Friday, May 15, 2009

Aunties and Uncles

When I was growing up in the deep south, we were taught manners. We said "yes, ma'am" and "no, sir", and "please" and "thank you". If I had ever said, "Yeah" to a teacher I quite possibly would have been expelled.

No one would have questioned it.

I kid you not - true story - I once had a teacher threaten to break my arm because I shrugged my shoulders at her instead of saying, "I don't know." (Oh, if only we knew then what we know now about law suits. My family could have been wealthy.)

I'm not bitter.

All teachers were addressed as Mr./Mrs./Miss and their last name. Teachers did not have first names or if they did, we certainly never used them. That was a sign of total disrespect and none of us ever dared to cross that line and find out what the punishment would be.

When I was in college, my tenth grade English teacher was in my creative writing course working on her masters. She told all the students to treat her as any other student and call her "Carol".

I couldn't do it.

Now often, there were adults in our lives who weren't related to us, but were friends of the family. These people were often given the title of Mr./Mrs./Miss and their first name. It was a way of bestowing honorary Aunt and Uncle titles on them. It showed that they were your parent's best friends, or someone you saw at church all the time, or your dance instructor (who was totally cool and not at all like a school teacher) and they were just too close to you to keep the formality of the last name between you.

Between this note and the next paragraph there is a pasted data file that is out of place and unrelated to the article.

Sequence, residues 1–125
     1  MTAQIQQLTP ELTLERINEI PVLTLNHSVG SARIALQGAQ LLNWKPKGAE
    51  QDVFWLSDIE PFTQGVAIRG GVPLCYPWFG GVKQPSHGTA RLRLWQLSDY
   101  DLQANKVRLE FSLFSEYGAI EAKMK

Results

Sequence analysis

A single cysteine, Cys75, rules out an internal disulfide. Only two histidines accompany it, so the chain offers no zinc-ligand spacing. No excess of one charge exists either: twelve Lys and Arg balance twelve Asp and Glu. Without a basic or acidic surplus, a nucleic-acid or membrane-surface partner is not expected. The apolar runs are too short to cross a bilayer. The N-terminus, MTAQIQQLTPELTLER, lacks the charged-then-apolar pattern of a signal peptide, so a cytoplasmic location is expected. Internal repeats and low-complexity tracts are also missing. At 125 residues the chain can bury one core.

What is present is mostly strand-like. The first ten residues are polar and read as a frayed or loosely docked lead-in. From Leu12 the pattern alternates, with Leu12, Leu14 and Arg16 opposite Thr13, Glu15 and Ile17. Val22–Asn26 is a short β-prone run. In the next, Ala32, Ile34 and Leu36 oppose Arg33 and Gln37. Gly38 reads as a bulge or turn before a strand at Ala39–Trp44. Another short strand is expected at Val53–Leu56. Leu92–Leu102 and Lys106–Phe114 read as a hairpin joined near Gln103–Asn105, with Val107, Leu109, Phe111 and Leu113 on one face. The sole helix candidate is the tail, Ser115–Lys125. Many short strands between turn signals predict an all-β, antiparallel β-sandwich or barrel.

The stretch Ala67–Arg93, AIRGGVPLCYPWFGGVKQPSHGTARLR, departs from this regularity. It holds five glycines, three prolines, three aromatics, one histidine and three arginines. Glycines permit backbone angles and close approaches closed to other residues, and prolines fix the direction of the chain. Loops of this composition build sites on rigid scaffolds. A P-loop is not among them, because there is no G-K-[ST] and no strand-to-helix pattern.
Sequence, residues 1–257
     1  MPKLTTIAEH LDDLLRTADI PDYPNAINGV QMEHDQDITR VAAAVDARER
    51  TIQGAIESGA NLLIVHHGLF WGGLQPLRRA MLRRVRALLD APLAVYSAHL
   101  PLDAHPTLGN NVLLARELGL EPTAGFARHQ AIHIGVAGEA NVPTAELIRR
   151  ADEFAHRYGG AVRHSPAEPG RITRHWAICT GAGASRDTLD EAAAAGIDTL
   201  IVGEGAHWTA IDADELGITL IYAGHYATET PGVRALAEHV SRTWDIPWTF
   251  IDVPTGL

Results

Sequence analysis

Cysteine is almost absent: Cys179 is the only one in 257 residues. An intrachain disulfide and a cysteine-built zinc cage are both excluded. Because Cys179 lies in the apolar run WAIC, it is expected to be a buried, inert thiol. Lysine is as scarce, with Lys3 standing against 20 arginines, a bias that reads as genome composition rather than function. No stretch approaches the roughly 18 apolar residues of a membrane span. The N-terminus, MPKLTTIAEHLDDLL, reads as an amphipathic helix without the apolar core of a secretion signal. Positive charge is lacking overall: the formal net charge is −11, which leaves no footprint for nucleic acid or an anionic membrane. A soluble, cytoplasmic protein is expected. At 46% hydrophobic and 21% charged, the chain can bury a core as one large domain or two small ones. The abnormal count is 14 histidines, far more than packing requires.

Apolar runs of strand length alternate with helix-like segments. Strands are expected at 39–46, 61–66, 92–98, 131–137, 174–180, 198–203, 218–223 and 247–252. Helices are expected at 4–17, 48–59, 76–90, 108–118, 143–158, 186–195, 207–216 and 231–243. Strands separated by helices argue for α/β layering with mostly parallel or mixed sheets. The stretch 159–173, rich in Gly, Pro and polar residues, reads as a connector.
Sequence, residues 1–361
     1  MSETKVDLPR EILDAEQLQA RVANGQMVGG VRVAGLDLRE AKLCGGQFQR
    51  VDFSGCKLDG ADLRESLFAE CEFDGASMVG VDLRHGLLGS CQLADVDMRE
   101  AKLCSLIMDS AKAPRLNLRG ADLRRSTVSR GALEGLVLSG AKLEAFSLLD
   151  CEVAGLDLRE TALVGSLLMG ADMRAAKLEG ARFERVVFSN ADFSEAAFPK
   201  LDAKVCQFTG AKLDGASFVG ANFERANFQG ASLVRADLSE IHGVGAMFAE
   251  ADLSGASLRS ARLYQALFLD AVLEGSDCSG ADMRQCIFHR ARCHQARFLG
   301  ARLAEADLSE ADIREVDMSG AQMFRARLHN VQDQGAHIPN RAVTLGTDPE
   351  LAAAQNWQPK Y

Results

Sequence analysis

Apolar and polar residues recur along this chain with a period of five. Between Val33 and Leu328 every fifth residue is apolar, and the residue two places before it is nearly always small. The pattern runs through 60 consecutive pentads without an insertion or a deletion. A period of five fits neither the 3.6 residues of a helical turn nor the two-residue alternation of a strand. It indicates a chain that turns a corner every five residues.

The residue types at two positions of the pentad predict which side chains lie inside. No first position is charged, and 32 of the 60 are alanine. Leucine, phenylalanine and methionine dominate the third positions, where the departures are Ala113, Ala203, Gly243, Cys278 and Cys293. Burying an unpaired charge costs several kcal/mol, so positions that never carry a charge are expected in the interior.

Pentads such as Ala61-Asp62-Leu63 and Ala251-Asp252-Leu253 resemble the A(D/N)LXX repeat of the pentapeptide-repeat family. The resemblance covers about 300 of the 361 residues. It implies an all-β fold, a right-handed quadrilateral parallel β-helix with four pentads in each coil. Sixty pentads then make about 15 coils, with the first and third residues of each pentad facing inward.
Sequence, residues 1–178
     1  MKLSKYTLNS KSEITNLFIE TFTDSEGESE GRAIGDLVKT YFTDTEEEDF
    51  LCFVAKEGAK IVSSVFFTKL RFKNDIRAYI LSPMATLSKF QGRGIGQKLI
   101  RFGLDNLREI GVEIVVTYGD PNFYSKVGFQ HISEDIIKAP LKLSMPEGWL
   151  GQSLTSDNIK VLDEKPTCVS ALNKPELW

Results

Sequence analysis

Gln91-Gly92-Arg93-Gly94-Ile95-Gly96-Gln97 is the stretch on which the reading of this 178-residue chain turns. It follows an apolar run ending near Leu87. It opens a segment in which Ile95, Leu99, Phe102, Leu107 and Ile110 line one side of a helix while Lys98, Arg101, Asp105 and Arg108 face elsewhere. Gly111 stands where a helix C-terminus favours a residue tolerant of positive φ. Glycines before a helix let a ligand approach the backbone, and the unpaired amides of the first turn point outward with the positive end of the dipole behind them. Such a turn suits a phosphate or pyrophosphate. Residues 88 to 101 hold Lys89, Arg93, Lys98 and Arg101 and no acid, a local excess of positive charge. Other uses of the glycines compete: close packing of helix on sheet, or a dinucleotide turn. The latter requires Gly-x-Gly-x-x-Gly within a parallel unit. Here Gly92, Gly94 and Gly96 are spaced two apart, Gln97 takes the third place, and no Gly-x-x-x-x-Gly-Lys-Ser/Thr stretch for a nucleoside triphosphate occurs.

When we had our own kids, we followed the same rules of addressing adults that we had been taught. We never thought anything about it.

Then Kerry joined the Army and we left the deep south.

We met Yankees.

We discovered that Yankees do not like to be dubbed honorary aunts and uncles. They like the formality (they call it respect) of being addressed by their last names. We found this very odd, but came across it more and more as we moved around the country. We finally came to realize that most people outside of the south do not like children calling them by their first names, even when Mr./Mrs./Miss is in front of it.

Now, we have moved to Hawaii.

We have to learn a new system.

In Hawaii, adults are dubbed "Aunties and Uncles"..........even if they don't know you. Auntie is just another word for "Ma'am" or "Hey, Lady!" I was at church one day and a young boy near me was chanting at me, "Auntie! Auntie! Auntie!" I had no idea he was talking to me. When Emily was introduced to her new Sunday School teacher she was told, "Call me Auntie Kim, everyone does." ", thank you," was Emily's reply (she has since adopted the new system).

Now that more of the kids know me, I've become "Auntie Amy" but still those who don't know me just holler, "Auntie!" They holler because they think I'm deaf since I don't respond the first few times they try to get my attention.

The new system takes some getting used to.


  1. Isn't it funny how different customs are. Over here in Germany, adults rarely smile and especially at kids so when we were at the Dallas airport people were talking to the kids and Emma (was only 17 mon when we arrived in Germany) kept telling me they are smiling and talking to her...why? :) I tried to explain we were in the states and people are just that way here and are trying to be nice. It isn't that the people here are not nice or don't like kids...just the way they do things.

  2. This is GOOD! GG